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Wednesday, May 3, 2017

An Interview with Christina Lorenz, Author of Healing Seas

Welcome to my blog. Today I have a special guest Christina Lorenzen. Christina came today to talk about her new release Healing Seas. Christina, thanks for coming.

 1.     What was your inspiration for your new book?   This was my first historical book and I had always wanted to write a pirate story. But as I got deeper in research for my chosen time period, which was 1702, I began to doubt I could pull of the dialogue and particulars of the time. I then thought about moving ahead to the early 1900s. I had recently watched the Titanic with my daughter. Whenever we watch it we remember my husband’s grandmother, Dorothea, who had waited eagerly for the movie to release in 1997. The titanic sank April 14, 1912 and she was born March 3, 1912. She loved talking about all the stories she’d heard about the sinking as a young child. I believe she was already in her mid eighties when she finally got to see the movie with my mother-in-law. Thinking about her passion for the movie and an event that happened around her birth, I decided that I would not only write about 1912 but I would make my heroine a survivor of the Titanic.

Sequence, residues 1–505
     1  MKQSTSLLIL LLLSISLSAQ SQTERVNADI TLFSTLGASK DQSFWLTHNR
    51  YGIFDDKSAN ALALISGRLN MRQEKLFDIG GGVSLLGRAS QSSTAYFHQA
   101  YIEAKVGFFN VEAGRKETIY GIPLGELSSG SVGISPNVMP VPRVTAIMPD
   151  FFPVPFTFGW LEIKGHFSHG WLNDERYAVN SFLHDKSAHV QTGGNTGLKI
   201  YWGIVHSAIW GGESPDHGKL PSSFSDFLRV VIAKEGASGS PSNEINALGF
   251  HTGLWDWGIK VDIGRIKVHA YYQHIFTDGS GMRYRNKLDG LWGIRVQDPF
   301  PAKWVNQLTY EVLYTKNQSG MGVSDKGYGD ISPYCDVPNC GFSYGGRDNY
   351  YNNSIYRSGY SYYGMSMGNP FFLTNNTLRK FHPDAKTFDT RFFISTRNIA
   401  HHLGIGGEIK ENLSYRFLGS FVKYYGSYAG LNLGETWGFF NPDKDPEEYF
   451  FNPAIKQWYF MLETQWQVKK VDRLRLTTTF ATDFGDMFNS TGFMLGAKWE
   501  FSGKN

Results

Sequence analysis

2. Which of all your books is your favorite?   This is a tough one because as an author I feel like all of my books have become my children. However, I think if I had to pick a favorite, besides Healing Seas, it would be my full length novel, Harvest Blessings. The fall is my favorite season and I had so much fun writing a story that centered on a fall apple orchard.

2.     Besides yourself, who is your favorite author in the genre you write?    Well, no buttering up here but I have all of your books and they’re terrific. (Thank you, Christina!!) I also love Sandra Sookoo, who is a prolific author with 65 books. I haven’t made my way through all of them but I intend to. I love Jill Shalvis, Kristan Higgins and my all-time favorite Debbie Macomber, who inspires me in life and in my writing.

4. What's the best part of being an author?   For me, the best part is being able to work from home and live in worlds beside my own. I love creating characters who live a life completely unlike my own and I love creating small towns because it’s my dream to move to a small town somewhere one day. I also love getting emails from readers who tell me they not only loved my book, but want to know if I’ll be writing a follow up because they want to know what happened to the characters.

 5. Could you give us all your links so we can find you on the web?   Sure! Readers can find me in several places, and I’m active on all social media every day. If you contact me, I’ll be sure to get back to you quickly.

Healing Seas blurb:

In just a matter of days, Addie Mayfield’s life is upended. Through an arrangement her father makes, she sets sail on the RMS Titanic as governess to the two young Fairchild children. When tragedy strikes, she finds herself rescued alongside strangers on the RMS Carpathia, headed for New York City. Far from home, she is taken in by the O’Reilly family to wait for her family to send for her. With no money for her passage home, she’s brought to the small hamlet of Montauk to become a caretaker for a great aunt she has never met.